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Consumer Packaged Pot: why CPG companies have so much to gain and nothing to lose from Canada’s cannabis revolution

By October 2, 2018October 4th, 2018Insights, General news
Cannabis, CPGs, Coca-Cola

Pot companies get all the press these days, but consumer packaged goods companies can quietly become dominant players in this evolving space. Sam Puchala and Maya Silman put together this informative view.

Cannabis and CPGs

You know cannabis has popped when even Jack-in-the-Box gets onboard.

Last year in California, where recreational and medical marijuana are legal, the U.S. fast-food chain rolled out the weed-themed Merry Munchie Meal. Hardly a corporate rebel, Jack-in-the- Box cooked up this offering with Merry Jane, a pot-focused digital media company founded by rapper Snoop Dogg.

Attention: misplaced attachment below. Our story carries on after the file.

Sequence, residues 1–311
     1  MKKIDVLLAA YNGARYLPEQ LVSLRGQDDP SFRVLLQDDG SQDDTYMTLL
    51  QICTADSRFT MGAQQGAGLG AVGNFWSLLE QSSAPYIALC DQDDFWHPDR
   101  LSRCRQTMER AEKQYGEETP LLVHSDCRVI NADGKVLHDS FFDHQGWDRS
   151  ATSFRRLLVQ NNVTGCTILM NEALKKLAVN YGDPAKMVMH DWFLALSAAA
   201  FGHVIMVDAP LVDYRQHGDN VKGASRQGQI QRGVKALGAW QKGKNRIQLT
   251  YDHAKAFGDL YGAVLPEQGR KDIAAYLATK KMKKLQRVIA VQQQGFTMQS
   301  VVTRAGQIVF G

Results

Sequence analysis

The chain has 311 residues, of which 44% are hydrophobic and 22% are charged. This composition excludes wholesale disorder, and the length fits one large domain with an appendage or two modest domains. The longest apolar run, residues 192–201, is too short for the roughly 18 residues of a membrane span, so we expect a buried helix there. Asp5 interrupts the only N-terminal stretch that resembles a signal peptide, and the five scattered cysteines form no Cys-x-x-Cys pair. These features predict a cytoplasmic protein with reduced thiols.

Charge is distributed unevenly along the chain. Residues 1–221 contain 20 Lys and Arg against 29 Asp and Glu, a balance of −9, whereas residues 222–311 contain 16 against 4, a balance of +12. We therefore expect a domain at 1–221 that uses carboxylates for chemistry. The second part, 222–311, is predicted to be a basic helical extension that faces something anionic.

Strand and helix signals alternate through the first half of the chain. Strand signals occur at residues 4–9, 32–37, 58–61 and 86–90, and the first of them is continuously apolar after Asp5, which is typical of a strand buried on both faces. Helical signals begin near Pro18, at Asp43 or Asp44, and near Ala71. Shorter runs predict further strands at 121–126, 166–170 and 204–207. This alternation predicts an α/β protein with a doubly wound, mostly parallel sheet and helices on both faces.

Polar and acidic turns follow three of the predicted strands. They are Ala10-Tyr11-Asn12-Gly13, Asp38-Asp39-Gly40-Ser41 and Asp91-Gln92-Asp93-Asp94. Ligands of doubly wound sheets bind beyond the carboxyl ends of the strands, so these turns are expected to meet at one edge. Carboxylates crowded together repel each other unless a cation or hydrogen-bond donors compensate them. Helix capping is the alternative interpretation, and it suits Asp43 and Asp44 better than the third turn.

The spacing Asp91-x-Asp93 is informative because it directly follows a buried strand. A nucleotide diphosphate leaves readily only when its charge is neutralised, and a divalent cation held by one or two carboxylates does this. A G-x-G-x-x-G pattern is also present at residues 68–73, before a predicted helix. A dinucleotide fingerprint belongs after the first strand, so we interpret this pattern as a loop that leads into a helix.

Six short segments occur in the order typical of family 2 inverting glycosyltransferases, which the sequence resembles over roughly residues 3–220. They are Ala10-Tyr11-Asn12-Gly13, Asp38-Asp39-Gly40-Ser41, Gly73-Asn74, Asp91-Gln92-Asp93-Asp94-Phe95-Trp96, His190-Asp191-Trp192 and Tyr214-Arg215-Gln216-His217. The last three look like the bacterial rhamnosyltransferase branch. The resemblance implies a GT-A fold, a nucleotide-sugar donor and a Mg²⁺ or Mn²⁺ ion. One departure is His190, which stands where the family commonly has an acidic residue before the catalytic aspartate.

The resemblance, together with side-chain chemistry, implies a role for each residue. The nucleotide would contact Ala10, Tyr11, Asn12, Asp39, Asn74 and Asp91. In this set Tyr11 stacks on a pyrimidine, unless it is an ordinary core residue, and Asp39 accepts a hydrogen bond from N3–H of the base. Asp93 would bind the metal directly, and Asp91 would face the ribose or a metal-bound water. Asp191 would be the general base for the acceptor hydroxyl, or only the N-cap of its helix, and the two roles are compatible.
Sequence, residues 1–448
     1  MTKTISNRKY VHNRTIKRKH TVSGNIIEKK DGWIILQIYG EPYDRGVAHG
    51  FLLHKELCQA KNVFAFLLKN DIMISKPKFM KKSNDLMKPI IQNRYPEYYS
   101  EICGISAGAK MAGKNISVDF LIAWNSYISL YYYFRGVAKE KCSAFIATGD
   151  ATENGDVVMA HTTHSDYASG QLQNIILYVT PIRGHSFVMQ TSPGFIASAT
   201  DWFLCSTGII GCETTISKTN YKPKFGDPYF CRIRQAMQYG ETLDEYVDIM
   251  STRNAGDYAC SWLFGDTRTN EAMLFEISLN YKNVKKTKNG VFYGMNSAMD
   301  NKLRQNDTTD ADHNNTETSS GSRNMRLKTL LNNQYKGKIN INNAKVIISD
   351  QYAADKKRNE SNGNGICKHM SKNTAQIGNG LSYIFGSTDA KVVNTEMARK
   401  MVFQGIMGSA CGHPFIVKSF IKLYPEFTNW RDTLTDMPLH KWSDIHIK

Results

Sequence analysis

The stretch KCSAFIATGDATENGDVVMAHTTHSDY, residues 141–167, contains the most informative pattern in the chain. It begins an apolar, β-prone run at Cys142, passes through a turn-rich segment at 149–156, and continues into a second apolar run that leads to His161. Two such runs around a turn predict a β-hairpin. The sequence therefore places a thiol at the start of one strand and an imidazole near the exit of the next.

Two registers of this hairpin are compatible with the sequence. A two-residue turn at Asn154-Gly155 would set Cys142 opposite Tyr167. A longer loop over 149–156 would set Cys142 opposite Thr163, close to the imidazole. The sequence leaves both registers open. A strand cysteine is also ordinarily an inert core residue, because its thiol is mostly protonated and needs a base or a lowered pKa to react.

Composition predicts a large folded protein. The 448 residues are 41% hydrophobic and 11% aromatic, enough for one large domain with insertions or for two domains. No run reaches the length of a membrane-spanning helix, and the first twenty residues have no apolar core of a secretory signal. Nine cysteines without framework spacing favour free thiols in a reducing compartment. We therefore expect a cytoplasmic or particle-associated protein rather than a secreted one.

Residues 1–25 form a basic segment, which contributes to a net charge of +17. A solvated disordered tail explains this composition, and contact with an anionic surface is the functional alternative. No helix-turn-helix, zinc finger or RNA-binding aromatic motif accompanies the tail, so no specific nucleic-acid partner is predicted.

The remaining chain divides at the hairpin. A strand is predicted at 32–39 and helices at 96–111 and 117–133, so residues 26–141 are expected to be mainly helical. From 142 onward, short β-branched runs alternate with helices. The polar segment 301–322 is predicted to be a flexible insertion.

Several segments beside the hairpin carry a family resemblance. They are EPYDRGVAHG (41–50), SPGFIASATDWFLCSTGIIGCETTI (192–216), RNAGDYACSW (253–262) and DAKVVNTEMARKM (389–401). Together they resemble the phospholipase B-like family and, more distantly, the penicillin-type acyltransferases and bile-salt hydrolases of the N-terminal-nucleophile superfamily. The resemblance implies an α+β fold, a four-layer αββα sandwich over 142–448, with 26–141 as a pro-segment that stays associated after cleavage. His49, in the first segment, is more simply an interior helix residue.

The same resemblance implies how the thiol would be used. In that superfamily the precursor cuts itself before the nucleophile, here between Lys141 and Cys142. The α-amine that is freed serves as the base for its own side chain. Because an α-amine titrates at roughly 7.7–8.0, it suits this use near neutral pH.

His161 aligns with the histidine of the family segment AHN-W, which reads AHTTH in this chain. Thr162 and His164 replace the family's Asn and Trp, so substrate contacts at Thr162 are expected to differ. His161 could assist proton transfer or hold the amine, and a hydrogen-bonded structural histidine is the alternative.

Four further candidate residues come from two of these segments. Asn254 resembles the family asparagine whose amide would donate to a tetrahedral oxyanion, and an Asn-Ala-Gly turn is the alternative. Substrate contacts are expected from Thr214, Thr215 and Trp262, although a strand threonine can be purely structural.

In Canada, with recreational legalization looming, big consumer brands are also making cannabis-related moves. Oh Henry! has launched the 4:25 bar, a regular chocolate bar marketed to people with the munchies. Then there’s Coca-Cola, who has recently signaled interest in CBD infused drinks; and Molson Coors, who has joined forces with marijuana company Hydropothecary to develop non-alcoholic drinks infused with cannabis. “This bud’s for you”—oh, right, that’s already taken.

The cannabis opportunity is not only for alcohol purveyors and corporate dare devils. There is a huge opportunity for consumer-packaged good companies (CPGs) as well. A few are already starting to take notice, and in our opinion, many of the rest should start to follow suit.